Western to help employers address domestic violence in the workplace

The Centre for Research and Education on Violence Against Women and Children is providing domestic violence training for federally regulated employers and their employees

FEDERALLY REGULATED EMPLOYERS will have new responsibilities to prevent and respond to domestic violence and harassment starting on January 1, and Western University is setting up resources to help them comply with the changes to the Canada Labour Code.

The Faculty of Education’s Centre for Research and Education on Violence Against Women and Children (CREVAWC) will provide domestic violence training for workers and employers in partnership with the Canadian Labour Congress and the Federally Regulated Employers – Transportation and Communications. CREVAWC received $2.088 million in funding from the Government of Canada’s Workplace Harassment and Violence Prevention Fund to develop this training.

A website, www.DVatwork.ca, has been created to provide tools, training and resources to address the impacts of domestic violence in the workplace, recognizing that abuse does not always stay at home, but also comes to work.

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Barb MacQuarrie, community director of CREVAWC, says the website will give workers, union representatives and employers more confidence to discuss domestic violence. They will gain the tools to respond to disclosures from survivors rather than look the other way in fear of making a situation worse. The training also aims to reduce the stigma of those experiencing violence at home.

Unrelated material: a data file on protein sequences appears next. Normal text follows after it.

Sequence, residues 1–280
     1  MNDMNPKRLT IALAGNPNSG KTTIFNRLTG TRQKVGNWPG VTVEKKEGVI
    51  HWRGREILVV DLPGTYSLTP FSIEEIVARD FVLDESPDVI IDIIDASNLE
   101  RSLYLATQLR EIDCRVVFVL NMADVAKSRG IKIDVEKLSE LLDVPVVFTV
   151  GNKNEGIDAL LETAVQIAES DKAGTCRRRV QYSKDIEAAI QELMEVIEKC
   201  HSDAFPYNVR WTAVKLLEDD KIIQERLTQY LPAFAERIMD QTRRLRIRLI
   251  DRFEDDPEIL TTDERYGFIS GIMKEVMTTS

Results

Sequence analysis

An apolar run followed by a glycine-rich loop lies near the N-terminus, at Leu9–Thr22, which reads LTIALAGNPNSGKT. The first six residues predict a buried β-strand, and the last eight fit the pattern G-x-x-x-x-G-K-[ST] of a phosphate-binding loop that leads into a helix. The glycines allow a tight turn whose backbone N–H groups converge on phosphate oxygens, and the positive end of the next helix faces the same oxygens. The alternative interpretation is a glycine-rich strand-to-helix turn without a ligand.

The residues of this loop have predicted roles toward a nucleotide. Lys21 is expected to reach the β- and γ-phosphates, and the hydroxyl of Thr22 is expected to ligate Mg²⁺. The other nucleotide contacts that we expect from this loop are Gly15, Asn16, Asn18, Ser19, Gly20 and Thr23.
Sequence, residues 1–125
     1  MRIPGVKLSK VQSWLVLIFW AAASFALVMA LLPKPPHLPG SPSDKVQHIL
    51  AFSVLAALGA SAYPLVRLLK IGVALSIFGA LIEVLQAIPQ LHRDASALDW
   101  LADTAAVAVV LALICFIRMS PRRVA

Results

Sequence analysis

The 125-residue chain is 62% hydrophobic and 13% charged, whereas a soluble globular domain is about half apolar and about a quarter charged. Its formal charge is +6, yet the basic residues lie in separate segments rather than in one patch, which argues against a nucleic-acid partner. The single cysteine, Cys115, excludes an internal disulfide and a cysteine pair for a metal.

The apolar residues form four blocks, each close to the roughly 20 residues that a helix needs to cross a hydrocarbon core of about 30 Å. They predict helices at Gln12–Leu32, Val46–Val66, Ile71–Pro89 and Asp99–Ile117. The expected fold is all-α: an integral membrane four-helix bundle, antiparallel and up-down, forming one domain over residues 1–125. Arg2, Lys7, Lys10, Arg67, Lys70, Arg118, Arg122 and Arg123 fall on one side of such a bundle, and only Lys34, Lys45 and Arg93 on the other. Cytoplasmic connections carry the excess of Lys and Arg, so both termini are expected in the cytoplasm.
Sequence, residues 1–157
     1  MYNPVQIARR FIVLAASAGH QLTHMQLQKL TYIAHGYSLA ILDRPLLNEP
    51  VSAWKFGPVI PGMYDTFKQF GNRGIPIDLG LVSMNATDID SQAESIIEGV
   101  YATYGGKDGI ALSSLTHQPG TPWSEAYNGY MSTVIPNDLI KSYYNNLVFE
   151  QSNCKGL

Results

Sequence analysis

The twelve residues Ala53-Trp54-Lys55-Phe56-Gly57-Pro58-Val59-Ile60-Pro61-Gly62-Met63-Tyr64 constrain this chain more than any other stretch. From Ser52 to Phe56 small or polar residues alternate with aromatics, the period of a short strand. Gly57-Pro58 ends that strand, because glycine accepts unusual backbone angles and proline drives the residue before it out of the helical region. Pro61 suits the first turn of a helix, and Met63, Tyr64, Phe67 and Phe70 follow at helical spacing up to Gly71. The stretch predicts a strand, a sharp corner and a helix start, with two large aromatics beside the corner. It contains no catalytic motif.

“Domestic violence is not a private matter,” says MacQuarrie. “Workers who are impacted by domestic violence – whether as someone experiencing abuse, acting abusively towards their partner, or those who witness the abuse – are often distracted at work, stressed about the situation, and it can impact workplace safety.”

The website also helps organizations assess their workplace culture, senior leadership support, workplace policies and collective agreements as well as their occupational health and safety programs, education and training, employee assistance programs and relationships with domestic violence and community organizations.

“We are seeing a similar shift towards assigning more responsibility for employers to prevent and address domestic violence at work in legislation across the country, and even around the world,” says MacQuarrie. “In the long run, I expect that employers will see concrete benefits – safer workplaces and an improved bottom line as a result.”

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Bill C-65 updated the Canada Labour Code, requiring federally regulated workplaces to prevent domestic violence and harassment and to support workers affected by these behaviours. Domestic violence is recognized as a form of workplace harassment, and employers must assess risks for workers and have polices that specify action to address them.

Domestic violence affects one out of three workers in Canada, according to a CREVAWC report, ‘Can Work Be Safe, When Home Isn’t?’ Negative effects for workers include distraction due to harassing messages, fatigue due to loss of sleep, and depression and anxiety.

“We don’t want employers to feel daunted by these new responsibilities,” says MacQuarrie, adding that there are many community-based experts willing to work collaboratively with them to keep employees safe and even to support behavioural change for abusers. Western to help employers address domestic violence in the workplace domestic violence Workforce

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